If there is one issue keeping investors awake at night about the Chinese economy, it is the local debt problem. Having just barely survived a debt crisis in the United States and the Eurozone, the thought of another debt implosion in the world’s second largest economy is too scary to contemplate.
What's making people even more nervous is that very few seem to know the exact size of the local debt problem. And those who do know aren't saying a word. Beijing’s National Audit Office just completed a comprehensive survey of the local debt problem and reported to the State Council, the Chinese cabinet, in late October.
The audit commission began its work in July, shortly after Detroit – the home of GM, Ford and Chrysler – filed for bankruptcy in US federal court. The commission looked at the debt levels of all tiers of government, from mighty central government agencies to the finances of small villages.
The project was carried out with great secrecy. Local auditors have been ordered not even to share the results with their finance departments before they are publicly announced.
The investigation is a complex one. Local governments have been using innovative financial structures such as trusts and even wealth management products to raise debt. Auditors have reportedly clashed with local governments over classification of debts.
So, what do we know about China’s local debt problem so far?
The guesstimates range from 10 to 50 trillion yuan. The last official pronouncement on the extent of local debt levels was 10.7 trillion yuan, and that was back in 2010 before the explosion of growth of the shadow banking sector.
Because Chinese local governments can’t issue bonds on their own, they have been using financing vehicles – akin to the kind of off-balance sheet lending that froze international debts market in 2008-09 – to raise money.
The total size of money lent to these local financing vehicles is about 10 trillion yuan as of first quarter of 2013, according to data from the China’s banking regulator. That is a sharp increase of 30 per cent from the fourth quarter of 2009.
The large increase came about as a result of the 4 trillion yuan fiscal stimulus package unleashed by Beijing during the global financial crisis which played an important role in saving the Australian economy from recession.
A large part of the package was funded with debt from Chinese banks to the local governments. The National Audit Office also looked at books of 36 provincial capitals early this year. They have a collective debt size of 3.85 trillion yuan and nearly a third of them have a debt-to-GDP ratio of more than 100 per cent.
Though the audit office didn’t release these names, they are believed to be Nanjing, Chengdu, Guangzhou, Hefei, Changsha, Wuhan, Harbin, Xi’an and Lanzhou, according to Caixin, a respected Chinese financial magazine.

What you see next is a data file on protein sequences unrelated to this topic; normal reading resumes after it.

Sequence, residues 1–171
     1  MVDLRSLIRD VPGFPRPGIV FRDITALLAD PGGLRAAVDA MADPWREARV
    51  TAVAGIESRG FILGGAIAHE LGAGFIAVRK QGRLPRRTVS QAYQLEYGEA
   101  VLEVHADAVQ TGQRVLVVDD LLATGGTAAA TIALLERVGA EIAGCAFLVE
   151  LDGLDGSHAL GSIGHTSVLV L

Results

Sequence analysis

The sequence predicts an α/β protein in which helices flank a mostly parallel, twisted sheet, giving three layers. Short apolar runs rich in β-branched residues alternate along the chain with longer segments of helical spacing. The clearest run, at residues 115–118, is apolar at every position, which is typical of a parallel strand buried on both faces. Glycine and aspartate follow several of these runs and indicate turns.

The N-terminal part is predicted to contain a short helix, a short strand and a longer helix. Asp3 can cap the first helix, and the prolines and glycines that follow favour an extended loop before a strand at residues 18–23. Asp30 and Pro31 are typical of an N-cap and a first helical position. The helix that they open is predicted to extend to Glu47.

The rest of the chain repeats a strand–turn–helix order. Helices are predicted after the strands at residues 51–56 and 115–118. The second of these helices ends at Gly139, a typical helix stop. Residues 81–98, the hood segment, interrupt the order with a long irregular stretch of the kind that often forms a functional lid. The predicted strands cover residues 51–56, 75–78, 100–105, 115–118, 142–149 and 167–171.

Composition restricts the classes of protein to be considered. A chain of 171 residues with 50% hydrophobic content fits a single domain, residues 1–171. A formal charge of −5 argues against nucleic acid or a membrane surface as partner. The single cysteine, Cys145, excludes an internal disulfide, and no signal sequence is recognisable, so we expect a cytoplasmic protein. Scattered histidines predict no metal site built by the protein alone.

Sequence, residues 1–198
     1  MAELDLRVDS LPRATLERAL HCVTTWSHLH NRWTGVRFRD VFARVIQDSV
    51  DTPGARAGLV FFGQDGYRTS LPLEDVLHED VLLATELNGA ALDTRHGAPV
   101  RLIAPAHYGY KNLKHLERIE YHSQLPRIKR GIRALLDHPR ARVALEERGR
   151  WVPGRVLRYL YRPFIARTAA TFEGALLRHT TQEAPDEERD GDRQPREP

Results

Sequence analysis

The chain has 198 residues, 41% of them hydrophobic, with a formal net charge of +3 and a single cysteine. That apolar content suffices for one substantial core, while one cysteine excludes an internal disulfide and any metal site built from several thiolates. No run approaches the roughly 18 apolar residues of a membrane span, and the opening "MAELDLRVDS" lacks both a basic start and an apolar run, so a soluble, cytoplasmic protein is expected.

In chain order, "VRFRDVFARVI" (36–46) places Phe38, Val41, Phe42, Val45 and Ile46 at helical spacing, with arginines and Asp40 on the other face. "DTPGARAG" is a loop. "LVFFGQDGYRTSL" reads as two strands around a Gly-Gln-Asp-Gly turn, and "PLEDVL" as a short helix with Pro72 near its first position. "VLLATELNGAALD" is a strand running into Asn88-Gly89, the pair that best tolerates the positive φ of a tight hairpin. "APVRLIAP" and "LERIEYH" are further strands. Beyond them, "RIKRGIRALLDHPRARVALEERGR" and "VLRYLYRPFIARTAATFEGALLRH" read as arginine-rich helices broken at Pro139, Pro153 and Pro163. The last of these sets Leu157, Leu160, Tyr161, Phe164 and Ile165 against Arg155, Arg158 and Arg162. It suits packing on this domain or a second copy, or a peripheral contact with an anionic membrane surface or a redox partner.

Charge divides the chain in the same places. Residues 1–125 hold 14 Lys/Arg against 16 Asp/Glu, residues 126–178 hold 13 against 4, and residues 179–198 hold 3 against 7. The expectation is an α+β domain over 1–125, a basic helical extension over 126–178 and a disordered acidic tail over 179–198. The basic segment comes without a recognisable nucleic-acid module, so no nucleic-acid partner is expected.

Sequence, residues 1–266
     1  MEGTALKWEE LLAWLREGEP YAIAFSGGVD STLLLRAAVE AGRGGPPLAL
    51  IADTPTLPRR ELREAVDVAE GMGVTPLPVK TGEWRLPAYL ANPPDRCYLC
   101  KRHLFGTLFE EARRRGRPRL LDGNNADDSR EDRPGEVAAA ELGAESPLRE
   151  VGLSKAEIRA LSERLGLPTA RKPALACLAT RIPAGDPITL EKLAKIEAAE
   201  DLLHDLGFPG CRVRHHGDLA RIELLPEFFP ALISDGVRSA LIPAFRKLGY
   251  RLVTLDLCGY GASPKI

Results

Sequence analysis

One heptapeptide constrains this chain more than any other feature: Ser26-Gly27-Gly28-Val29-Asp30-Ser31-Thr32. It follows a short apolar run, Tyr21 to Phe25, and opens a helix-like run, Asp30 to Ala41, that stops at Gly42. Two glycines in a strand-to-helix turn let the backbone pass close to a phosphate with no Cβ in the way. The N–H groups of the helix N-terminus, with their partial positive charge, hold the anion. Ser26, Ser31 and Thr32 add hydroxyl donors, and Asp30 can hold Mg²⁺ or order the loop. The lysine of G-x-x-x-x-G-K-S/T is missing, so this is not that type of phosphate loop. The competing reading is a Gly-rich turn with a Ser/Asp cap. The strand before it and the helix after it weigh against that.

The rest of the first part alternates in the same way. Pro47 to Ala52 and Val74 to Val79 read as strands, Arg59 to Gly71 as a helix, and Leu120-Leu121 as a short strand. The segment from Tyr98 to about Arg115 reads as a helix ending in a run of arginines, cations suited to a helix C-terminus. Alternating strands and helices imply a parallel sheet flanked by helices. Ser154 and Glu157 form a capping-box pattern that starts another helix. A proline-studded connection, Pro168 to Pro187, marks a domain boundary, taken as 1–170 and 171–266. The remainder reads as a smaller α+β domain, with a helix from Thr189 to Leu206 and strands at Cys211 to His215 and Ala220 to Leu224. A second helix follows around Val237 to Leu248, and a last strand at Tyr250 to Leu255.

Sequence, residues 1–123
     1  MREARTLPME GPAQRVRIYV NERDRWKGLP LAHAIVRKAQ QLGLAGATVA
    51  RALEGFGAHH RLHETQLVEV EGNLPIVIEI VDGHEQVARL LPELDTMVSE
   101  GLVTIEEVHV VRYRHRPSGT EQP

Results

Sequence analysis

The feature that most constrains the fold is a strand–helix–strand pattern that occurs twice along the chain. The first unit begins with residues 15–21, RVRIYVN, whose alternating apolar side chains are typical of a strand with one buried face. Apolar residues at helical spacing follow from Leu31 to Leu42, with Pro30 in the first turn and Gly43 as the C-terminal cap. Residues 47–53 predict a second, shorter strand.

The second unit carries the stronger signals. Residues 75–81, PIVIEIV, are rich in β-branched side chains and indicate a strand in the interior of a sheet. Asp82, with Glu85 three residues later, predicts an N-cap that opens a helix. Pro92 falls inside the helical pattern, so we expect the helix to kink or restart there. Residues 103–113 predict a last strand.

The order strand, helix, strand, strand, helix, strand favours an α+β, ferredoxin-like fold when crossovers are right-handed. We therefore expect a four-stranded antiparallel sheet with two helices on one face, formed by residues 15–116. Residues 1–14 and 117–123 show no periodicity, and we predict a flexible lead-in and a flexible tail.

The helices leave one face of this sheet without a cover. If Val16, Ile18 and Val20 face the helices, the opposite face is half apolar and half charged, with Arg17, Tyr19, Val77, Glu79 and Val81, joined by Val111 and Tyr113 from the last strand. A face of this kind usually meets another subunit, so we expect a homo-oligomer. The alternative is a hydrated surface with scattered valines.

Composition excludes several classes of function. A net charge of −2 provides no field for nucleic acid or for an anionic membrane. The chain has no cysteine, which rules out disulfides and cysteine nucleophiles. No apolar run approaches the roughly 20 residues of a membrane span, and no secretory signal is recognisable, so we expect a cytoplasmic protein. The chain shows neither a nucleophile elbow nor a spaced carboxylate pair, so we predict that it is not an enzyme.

Haitong Securities, which has one of the best research teams in China, estimate the total size of China’s local debt problem is between 20 and 30 trillion yuan, or in other words, 40 to 60 per cent of the country’s GDP.
To put that in some perspectives, the debt to GDP ratio in the United States is about 73 per cent according to the Congressional Budget Office. In the case of Japan, its national debt is about more than 200 per cent of its GDP. For the record, Australia’s GDP to debt ratio is only 23.3 per cent. We don’t have a debt crisis, at least in comparison to other major economies.
Xu Yifan, the chief economist of Haitong and a former economist at the World Bank says cities with a good fiscal outlook usually carry between 20 and 40 per cent debt. In comparison, cities that are in trouble usually have a debt level between 80 and 120 per cent.
On average, China’s local debt level falls between these two camps. It is neither bad nor good. However, some local government entities are already struggling to repay their debts and have already requested extension of their loans.
Apart from the size of the local debt problem, the structure of the debts is another looming problem. In 2011, the National Audit Office reported that 53 per cent of local debts would be due in three years’ time. This means 2014 will be a crunch year for a lot of people. A lot of these debts have been used to finance long-term infrastructure projects
China’s local debt problem – at 40 to 60 per cent of GDP – is pretty serious. But it won’t explode, because both central and local governments have enough financial firepower to backstop the whole system from collapsing.
Not only is Beijing sitting on the largest pile of foreign reserves in the world, which is more than enough to reduce the country’s debt to zero. Its tax income per year is about 10 trillion yuan every year and increasing fast.
Like Japan, China’s debt is largely domestically financed, so it is not subject to the whims of foreign debt vigilantes, who can dump debts at the first sight of weakness.